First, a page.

A week or so ago my post provided the details of a crawfish boil in Silicon Valley. For that great event, my daughter-in-law asked me to make coleslaw. I call her the “Salad Queen” because she whips up the most delicious salads on a moment’s notice, but she claimed that coleslaw was not something she liked to make. I confess that I’m not a big fan of most coleslaw, either. That’s because they often contain the core of the cabbage head, the cabbage is in big chunks with the heavy taste of cabbage, and the salad is swimming in runny mayonnaise.
Years ago I learned the first important lesson for coleslaw from my younger daughter when she was only about ten years old. She was assigned to do the cabbage chopping for a family gathering. We thought she would be finished in just a few minutes, but a half hour later she was still chopping and the cabbage was as fine as I had ever seen it. She had also removed the core of the cabbage before she started the project. Everyone loved one of her first cooking projects.
The second lesson comes from a consideration of the origins of the word, coleslaw. It is derived from the Danish word, koolsla, meaning cabbage (cole) salad ( sla, a contraction of salade). The point of all that is you can use any kind of cabbage or even cabbage relatives you want (especially shredded Brussels sprouts, but also broccoli, rabe, or cauliflower) , and you can put anything else that catches your fancy in the salad. Apples, carrots, celery, and chopped nuts are among the most common additives.
The third lesson for me is that a little mayonnaise goes a long way – much farther than you think. In recent times, I always add less mayonnaise than I think the dish needs. That includes tuna salad, sandwiches, and coleslaw In every instance what I have learned is that less is better, and you can always add more. Of course, homemade mayonnaise is better than bottled, and it doesn’t take too much extra time to make. Another option is not to use mayonnaise at all; freshly made vinaigrette is a refreshing substitute.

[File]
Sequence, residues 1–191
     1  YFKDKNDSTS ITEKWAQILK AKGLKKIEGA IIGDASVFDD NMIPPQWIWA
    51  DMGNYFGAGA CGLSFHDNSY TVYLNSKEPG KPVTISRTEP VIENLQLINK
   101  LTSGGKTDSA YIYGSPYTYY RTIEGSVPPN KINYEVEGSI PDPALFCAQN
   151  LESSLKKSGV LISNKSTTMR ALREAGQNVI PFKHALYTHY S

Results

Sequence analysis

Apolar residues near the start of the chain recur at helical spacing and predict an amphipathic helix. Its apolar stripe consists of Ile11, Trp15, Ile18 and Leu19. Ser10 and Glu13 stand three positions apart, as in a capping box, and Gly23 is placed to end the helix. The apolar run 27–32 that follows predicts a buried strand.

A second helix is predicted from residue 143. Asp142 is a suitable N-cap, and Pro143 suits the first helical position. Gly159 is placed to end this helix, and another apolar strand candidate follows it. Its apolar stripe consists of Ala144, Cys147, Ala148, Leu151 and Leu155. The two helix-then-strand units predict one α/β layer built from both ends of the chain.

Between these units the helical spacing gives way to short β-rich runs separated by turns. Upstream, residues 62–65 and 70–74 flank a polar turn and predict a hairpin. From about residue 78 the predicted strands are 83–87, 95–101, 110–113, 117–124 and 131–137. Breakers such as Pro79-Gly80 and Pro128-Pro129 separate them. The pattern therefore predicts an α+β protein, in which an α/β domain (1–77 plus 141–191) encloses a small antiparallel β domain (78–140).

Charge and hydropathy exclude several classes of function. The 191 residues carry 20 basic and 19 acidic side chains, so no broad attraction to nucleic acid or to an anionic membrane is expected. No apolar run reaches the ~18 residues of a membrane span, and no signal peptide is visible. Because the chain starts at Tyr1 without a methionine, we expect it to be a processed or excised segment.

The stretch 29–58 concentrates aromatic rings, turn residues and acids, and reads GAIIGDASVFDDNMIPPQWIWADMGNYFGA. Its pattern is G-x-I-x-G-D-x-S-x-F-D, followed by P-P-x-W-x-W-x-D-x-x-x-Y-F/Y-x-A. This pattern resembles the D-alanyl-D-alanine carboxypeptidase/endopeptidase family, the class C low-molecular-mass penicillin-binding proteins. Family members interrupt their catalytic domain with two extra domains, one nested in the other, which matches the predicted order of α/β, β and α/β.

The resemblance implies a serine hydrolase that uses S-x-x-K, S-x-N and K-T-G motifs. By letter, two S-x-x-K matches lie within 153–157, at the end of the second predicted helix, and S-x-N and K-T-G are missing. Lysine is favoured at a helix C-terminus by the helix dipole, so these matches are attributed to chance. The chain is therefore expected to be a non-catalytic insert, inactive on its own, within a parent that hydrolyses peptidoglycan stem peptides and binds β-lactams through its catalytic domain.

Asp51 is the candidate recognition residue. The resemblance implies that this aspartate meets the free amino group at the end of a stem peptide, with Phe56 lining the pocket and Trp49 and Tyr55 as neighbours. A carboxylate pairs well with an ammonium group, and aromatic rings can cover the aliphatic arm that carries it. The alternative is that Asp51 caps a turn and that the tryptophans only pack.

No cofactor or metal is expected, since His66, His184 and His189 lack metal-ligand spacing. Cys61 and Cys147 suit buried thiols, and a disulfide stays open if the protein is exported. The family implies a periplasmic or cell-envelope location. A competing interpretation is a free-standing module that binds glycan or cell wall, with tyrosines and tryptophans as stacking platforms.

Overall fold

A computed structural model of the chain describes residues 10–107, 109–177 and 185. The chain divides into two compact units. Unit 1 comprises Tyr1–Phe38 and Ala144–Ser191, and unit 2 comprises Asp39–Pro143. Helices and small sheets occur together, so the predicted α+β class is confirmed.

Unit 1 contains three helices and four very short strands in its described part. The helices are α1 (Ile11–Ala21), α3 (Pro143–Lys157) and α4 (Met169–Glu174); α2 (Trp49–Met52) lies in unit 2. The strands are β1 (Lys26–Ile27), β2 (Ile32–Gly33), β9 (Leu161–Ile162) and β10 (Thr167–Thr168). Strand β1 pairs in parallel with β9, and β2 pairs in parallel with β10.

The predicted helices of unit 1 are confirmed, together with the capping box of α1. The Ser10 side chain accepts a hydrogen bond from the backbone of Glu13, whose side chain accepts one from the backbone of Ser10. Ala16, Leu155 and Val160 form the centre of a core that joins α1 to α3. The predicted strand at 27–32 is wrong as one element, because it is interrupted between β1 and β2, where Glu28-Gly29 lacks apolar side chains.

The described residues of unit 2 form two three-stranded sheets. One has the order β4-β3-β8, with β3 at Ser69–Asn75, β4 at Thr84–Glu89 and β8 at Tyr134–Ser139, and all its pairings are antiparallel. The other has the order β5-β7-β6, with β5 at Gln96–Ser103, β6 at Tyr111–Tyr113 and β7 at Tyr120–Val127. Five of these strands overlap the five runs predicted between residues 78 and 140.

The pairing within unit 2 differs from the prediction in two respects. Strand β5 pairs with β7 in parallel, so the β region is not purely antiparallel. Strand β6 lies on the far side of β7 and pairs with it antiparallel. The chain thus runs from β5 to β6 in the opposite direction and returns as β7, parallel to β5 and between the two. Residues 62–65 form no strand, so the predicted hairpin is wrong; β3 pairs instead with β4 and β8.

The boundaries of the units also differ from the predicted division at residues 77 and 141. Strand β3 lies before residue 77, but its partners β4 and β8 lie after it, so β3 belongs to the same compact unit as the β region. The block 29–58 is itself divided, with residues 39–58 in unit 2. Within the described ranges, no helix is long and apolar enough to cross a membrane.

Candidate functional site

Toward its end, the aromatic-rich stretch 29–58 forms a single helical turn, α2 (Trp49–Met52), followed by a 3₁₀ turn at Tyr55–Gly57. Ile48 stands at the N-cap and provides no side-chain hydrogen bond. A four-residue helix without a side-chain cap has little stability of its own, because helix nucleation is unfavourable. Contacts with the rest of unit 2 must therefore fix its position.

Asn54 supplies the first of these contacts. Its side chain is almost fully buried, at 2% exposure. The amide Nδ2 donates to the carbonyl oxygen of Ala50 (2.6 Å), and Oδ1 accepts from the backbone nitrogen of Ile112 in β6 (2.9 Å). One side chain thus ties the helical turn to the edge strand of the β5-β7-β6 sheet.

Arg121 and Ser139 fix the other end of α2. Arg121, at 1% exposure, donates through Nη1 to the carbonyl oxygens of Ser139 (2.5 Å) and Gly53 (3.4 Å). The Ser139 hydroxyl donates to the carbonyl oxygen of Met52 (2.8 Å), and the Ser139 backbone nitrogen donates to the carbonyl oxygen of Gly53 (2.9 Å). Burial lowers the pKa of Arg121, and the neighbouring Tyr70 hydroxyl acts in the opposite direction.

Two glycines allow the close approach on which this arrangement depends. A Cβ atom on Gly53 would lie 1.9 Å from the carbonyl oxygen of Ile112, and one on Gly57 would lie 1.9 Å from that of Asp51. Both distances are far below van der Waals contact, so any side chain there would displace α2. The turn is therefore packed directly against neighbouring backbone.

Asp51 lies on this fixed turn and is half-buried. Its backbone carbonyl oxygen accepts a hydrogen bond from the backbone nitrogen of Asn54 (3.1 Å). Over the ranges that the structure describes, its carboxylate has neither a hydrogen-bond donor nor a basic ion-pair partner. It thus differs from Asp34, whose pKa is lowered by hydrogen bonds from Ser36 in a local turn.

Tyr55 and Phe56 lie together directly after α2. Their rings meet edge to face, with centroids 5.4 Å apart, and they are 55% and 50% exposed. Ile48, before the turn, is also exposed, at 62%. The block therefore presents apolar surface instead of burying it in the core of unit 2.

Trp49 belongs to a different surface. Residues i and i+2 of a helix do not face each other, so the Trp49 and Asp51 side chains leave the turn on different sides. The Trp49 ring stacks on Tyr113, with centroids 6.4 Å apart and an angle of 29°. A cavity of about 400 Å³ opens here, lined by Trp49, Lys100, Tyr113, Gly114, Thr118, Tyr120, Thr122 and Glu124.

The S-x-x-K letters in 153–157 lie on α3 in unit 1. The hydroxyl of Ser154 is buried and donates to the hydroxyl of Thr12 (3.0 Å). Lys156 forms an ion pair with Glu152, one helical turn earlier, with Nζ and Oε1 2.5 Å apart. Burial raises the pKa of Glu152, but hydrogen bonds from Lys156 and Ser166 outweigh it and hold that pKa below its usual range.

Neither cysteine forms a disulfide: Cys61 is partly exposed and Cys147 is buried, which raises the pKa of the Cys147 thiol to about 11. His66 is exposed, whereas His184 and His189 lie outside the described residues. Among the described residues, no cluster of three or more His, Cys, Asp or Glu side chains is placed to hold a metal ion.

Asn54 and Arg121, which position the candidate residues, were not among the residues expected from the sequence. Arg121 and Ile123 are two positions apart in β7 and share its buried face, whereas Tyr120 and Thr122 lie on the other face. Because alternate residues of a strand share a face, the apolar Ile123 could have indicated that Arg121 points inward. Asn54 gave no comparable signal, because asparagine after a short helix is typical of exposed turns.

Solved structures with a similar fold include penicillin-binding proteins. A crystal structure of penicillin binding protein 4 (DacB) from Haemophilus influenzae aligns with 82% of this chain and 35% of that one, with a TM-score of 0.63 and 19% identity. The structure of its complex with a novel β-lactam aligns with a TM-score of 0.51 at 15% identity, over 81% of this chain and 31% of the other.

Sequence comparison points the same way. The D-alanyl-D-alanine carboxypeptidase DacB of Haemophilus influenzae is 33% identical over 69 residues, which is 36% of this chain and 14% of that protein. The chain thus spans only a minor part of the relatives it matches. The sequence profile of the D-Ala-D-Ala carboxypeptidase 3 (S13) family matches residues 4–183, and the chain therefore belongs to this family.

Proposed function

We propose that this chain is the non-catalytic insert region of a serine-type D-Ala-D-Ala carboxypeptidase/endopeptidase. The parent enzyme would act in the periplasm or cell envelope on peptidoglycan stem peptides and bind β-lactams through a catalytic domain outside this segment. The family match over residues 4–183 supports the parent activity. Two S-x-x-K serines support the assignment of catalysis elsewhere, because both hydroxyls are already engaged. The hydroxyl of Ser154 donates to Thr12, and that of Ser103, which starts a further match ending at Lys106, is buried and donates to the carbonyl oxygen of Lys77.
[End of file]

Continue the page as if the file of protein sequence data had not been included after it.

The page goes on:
For the crawfish boil, I decided to use napa (Chinese) cabbage and red cabbage along with red onion, carrot, bell pepper, and celery for the basic salad. I used vinaigrette with a shot of sesame oil for the dressing. Here is the recipe.
1 large head, napa cabbage, cored, sliced and chopped very finely
1 small head red cabbage, cored, sliced and chopped very finely
1 medium red onion, diced
1 large carrot, peeled, grated, and chopped finely
- 1 bell pepper, seeded, ribs removed, and diced
- 3 stalks celery, diced
- 2 teaspoons celery seed
- salt and pepper to taste
- In a large bowl, combine all of the ingredients
2 tablespoons fresh lemon juice
- 1 tablespoon prepared mustard, preferably Dijon
- ¼ teaspoon garlic powder
- ½ teaspoon granulated sugar
- 6 tablespoons extra virgin olive oil
- ½ teaspoon sesame oil
- salt and pepper to taste
- In a small bowl, combine the lemon juice, mustard, garlic powder, and sugar.
- While whisking continuously, drizzle in the olive oil until completely incorporated.
- Stir in the sesame oil, and correct seasonings with salt and pepper
Dressing the Salad
- Pour only about half of the vinaigrette onto the coleslaw and gently stir in until the salad is completely dressed
- Add more dressing as needed, being especially careful not to use too much. The coleslaw should be moistened but not damp with dressing
- Refrigerate until ready to serve.
One response to “COLE SLAW – MY CONTRIBUTION TO THE CRAWFISH BOIL”
Just what I need to temper the meat fest we are planning for the next couple of weeks.